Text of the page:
Later still, the Greek historian Plutarch’s first century CE account of the Isis-Osiris story reflects one of man’s deepest (yet most vague) fears: that of the mother’s use of her influence upon her son as a means of usurping the power and authority of her mate. However, this allegory is veiled in the Isis-Osiris tale, as the son Horus is not conceived until well after his father Osiris’ death and dismemberment. A beneficent countenance is conferred upon Isis, owing to her magical revivification of Osiris (who was also Isis’ brother); nevertheless, it was only for the purpose of her impregnation. Interestingly, when she learns that she will not have access to her dead husband’s fleshly penis (which had since been eaten by a fish), she fashions a gold phallus and attaches it to his reconstituted body by means of magic. Horus is conceived through the ensuing intercourse of Isis and Osiris (who thereafter dies his final death). Although her child, Horus, grows up to become Pharoah, the allusion is ever that Isis is the true power behind the throne.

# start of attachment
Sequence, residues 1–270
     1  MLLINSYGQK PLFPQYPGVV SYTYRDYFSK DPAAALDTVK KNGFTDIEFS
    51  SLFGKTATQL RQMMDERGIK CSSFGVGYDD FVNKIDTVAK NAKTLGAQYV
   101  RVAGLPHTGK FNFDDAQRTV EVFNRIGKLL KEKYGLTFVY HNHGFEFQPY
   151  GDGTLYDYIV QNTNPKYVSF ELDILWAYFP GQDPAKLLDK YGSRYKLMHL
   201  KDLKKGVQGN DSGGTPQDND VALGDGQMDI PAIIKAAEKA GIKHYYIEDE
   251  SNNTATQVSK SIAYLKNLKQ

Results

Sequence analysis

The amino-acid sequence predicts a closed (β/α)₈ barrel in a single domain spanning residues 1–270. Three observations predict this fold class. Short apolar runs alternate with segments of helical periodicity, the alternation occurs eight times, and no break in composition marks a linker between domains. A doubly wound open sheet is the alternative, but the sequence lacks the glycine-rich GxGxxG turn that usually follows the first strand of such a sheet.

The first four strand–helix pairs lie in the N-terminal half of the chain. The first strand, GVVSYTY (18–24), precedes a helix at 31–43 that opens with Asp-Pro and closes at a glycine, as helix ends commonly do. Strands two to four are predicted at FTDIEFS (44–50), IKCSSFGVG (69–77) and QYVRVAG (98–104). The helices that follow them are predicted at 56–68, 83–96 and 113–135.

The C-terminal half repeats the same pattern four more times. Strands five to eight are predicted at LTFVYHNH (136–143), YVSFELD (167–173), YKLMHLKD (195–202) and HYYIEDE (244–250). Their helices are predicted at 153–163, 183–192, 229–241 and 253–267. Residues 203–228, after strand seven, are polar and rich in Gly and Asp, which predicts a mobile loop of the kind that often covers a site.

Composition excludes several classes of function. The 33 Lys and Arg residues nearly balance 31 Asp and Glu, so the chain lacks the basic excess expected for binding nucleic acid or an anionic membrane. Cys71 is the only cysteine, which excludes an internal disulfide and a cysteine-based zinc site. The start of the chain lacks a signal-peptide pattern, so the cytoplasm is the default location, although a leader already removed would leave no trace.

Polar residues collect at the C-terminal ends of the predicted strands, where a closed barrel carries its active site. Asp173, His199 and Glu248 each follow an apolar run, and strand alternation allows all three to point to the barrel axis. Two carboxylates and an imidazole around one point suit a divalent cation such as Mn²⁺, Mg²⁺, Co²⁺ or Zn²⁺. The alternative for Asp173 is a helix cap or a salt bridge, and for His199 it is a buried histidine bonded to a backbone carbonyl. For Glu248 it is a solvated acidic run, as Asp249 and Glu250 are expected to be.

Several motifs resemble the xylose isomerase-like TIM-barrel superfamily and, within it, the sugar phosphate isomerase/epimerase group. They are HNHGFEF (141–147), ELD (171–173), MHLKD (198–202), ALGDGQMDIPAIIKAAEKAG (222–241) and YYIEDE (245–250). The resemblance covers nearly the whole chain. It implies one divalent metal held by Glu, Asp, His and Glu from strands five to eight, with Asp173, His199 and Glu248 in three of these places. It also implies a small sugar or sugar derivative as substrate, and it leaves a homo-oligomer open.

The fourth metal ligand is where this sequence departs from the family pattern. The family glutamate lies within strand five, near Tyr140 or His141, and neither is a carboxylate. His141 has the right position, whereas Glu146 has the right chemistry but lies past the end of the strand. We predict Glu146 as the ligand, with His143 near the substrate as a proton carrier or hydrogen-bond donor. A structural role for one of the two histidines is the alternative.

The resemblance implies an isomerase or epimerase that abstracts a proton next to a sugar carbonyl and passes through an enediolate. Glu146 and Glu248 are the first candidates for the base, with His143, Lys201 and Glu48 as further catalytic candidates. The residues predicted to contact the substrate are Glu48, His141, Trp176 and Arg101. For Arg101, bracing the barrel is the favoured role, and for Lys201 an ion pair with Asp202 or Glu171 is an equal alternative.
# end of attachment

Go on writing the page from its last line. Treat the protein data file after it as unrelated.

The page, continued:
In the opening statement of an article about balancing the challenges of parenthood against the challenges of maintaining a healthy relationship with one’s mate, modern author Pamela Stock writes:
Shortly after my son was born, I became obsessed with a question that had nothing to do with babies: Why was my husband so annoying? Here was the person I loved, with whom I had just pulled off the miracle of creating a life and…I wanted to kill him.
There is no denying the fact that the bond between a mother and her child is important — and it’s perhaps even more so when the child is a male. When the intimacy of a mother-son relationship is healthy in character, the son will grow to be strong in character. However, when there is dysfunction in the intimacy of the mother-son relationship, the character-development of the son is profoundly threatened. Such dysfunctional dynamics range from the mother’s hatred and estrangement of the child, to the Mama’s boy syndrome (in which the son is too closely protected by the mother), to the Oedipus Complex (in which the son lusts after his mother), to Mother-Son incest instigated by the mother (the ultimate taboo). In the latter case, the taboo is particularly threatening to the patriarchy at-large, primarily because the male child becomes a disempowered object of (and slave to) his mother’s lusts.